Grains Research and Development

 

Pest suppressive landscapes: linking IPM and natural resource management

Researcher's Name:
NancySchellhorn
Organisation:
CSIRO
Email:
Phone:
07 3214 2721
Fax:
07 3214 2881
Project Code:
CSE00051
Contract Start:
29/6/2009
Contract End:
31/3/2013

Summary

This project focuses on identifying the characteristics of pest suppressive landscapes and adopts a national approach. To understand how the population dynamics of grain pests are affected by landscape composition we will (i) identify source habitats of pests and natural enemies, (ii) assess their movement between habitats and (iii) determine time of crop colonization. The habitats studied will include crop and non-crop such as native remnant vegetation. This work will be conducted in agricultural landscapes in north, south and west Australia. Spatially explicit models will be developed that integrate field data collected in each landscape. These models will be used to explore the links between crop and non-crop habitats and which landscape configurations are less prone to pest attack. This approach allows us to develop guiding principles of IPM at the field, farm and landscape scale which work towards achieving reduced reliance on broad-spectrum insecticides and sustainable management of natural resources.

Background

This project focuses on identifying the characteristics of pest suppressive landscapes and adopts a national approach. To understand how the population dynamics of grain pests are affected by landscape composition we will (i) identify source habitats of pests and natural enemies, (ii) assess their movement between habitats and (iii) determine time of crop colonization. The habitats studied will include crop and non-crop such as native remnant vegetation. This work will be conducted in agricultural landscapes in north, south and west Australia. Spatially explicit models will be developed that integrate field data collected in each landscape. These models will be used to explore the links between crop and non-crop habitats and which landscape configurations are less prone to pest attack. This approach allows us to develop guiding principles of IPM at the field, farm and landscape scale which work towards achieving reduced reliance on broad-spectrum insecticides and sustainable management of natural resources.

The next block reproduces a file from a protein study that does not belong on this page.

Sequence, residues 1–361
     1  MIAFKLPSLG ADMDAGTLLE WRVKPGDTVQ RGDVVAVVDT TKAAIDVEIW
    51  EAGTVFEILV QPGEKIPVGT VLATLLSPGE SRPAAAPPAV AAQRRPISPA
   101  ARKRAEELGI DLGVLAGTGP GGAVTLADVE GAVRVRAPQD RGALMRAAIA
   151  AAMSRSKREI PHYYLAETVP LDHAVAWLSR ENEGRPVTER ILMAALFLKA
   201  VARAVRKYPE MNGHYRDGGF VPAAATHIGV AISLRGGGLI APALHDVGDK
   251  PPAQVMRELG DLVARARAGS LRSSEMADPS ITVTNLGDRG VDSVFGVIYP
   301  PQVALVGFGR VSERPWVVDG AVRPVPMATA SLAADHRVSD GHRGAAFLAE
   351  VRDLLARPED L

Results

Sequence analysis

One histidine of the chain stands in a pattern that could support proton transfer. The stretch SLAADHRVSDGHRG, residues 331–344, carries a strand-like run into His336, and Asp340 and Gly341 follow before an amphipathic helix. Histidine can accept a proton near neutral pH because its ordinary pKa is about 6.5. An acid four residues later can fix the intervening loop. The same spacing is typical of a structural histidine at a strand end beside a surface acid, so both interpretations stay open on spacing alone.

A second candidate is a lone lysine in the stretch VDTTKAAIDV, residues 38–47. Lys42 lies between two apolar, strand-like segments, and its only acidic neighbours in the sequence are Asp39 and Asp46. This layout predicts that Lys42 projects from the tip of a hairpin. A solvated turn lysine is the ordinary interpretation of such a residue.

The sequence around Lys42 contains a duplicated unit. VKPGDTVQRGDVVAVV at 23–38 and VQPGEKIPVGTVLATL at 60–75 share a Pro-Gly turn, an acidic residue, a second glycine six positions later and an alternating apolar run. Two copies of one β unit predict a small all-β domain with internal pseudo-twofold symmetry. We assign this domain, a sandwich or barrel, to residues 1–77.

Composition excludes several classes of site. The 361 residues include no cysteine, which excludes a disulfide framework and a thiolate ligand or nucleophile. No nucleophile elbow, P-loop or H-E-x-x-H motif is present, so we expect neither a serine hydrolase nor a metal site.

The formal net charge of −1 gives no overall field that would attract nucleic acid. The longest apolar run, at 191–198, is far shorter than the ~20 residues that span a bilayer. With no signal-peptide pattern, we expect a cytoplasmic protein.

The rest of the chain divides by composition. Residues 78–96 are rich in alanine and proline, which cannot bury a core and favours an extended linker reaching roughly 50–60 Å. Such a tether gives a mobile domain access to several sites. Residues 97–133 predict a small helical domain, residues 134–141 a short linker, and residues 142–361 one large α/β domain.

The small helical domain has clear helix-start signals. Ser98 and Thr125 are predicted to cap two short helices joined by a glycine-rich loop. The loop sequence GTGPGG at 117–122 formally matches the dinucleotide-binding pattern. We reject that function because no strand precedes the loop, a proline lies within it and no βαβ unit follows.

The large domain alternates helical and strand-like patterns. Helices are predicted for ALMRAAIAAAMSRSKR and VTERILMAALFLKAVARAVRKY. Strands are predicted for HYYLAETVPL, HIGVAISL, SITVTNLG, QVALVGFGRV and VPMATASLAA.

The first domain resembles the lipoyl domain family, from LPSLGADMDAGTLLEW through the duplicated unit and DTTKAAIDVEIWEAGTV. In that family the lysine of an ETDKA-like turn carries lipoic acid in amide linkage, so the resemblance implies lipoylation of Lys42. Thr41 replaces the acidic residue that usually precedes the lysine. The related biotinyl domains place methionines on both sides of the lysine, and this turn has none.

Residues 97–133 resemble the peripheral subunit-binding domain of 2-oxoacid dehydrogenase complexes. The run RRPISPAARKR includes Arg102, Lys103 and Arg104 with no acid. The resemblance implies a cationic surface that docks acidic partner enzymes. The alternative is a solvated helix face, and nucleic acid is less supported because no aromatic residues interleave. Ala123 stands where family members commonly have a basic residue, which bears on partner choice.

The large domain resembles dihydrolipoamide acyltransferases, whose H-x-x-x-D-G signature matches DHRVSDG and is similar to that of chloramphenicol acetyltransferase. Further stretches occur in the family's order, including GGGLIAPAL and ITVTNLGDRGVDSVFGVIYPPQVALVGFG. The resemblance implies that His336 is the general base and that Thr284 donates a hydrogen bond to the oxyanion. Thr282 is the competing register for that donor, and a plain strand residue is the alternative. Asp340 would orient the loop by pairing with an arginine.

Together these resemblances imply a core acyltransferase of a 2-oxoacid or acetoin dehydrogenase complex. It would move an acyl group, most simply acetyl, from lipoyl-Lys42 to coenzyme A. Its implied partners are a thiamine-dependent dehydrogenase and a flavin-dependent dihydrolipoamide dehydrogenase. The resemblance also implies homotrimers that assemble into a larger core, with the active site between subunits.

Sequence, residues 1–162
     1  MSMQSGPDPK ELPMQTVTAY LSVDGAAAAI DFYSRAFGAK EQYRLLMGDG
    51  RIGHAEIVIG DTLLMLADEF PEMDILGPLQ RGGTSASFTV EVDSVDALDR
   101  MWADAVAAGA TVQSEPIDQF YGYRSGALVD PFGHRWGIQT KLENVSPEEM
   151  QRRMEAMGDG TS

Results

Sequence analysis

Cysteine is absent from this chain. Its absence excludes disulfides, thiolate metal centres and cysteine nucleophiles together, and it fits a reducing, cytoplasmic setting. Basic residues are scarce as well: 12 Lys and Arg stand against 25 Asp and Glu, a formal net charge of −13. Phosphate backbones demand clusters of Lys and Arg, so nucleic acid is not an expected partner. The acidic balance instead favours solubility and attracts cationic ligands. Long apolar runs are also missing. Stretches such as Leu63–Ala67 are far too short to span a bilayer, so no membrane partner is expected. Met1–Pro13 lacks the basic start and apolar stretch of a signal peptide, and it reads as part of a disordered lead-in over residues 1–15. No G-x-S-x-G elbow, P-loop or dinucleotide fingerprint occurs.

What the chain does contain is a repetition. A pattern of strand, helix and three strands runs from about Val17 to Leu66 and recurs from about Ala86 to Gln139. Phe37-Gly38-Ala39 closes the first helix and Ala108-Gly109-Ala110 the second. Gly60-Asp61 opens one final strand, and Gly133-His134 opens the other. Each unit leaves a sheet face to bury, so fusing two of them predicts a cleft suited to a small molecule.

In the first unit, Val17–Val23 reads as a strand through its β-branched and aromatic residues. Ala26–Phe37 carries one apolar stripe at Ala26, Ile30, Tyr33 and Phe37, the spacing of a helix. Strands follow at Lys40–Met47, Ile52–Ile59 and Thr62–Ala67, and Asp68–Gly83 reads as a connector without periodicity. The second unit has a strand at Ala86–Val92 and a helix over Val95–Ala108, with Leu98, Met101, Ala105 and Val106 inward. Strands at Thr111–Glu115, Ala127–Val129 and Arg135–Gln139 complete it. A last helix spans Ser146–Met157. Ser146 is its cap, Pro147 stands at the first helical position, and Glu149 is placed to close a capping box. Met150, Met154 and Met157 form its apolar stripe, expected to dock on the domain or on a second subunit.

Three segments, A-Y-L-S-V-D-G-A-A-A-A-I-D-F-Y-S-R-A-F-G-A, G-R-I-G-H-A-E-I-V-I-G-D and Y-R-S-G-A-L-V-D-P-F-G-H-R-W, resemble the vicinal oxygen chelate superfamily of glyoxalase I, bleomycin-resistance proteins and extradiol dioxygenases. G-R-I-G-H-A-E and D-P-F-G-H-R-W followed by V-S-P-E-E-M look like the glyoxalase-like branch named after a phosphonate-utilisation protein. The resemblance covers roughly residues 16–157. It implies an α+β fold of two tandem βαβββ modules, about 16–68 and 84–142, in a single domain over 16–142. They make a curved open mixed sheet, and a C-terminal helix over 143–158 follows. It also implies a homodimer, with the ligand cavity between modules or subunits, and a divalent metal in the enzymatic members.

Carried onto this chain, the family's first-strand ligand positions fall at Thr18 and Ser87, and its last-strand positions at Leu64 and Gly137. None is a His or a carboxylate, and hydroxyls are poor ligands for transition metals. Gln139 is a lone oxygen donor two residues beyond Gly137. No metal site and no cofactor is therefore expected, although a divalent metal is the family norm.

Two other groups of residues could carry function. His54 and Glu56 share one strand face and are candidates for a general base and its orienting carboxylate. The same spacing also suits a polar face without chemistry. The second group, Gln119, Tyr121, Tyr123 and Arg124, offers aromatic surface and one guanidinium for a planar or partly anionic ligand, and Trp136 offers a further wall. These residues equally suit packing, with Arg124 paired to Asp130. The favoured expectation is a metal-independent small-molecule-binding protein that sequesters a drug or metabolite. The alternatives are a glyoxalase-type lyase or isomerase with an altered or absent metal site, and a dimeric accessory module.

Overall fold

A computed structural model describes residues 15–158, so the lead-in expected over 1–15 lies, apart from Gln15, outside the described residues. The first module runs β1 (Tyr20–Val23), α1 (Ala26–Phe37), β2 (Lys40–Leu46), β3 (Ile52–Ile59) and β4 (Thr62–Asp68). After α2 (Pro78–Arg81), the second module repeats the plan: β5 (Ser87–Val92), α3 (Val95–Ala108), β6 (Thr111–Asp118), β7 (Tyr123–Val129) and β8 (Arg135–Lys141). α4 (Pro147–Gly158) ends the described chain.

Implications

to be assessed

Objectives

This project focuses on identifying the characteristics of pest suppressive landscapes and adopts a national approach. To understand how the population dynamics of grain pests are affected by landscape composition we will (i) identify source habitats of pests and natural enemies, (ii) assess their movement between habitats and (iii) determine time of crop colonization. The habitats studied will include crop and non-crop such as native remnant vegetation. This work will be conducted in agricultural landscapes in north, south and west Australia. Spatially explicit models will be developed that integrate field data collected in each landscape. These models will be used to explore the links between crop and non-crop habitats and which landscape configurations are less prone to pest attack. This approach allows us to develop guiding principles of IPM at the field, farm and landscape scale which work towards achieving reduced reliance on broad-spectrum insecticides and sustainable management of natural resources.

Outcomes

This combined empirical and modelling approach allows us to provide guidelines on IPM at the field, farm and landscape scale.

Research

To understand how the population dynamics of grain pests are affected by landscape composition we will (i) identify reproduction habitats of pests and natural enemies, (ii) assess their movement between habitats and (iii) time of crop colonization. This work will be conducted in agricultural landscapes in north, south and west Australia. Spatially explicit models will be developed that integrate the results of field measurements. These models will be used to explore which landscape configurations are less prone to pest attack and evaluate the effectiveness of IPM options in various landscapes.

Publications

No publications have come out yet

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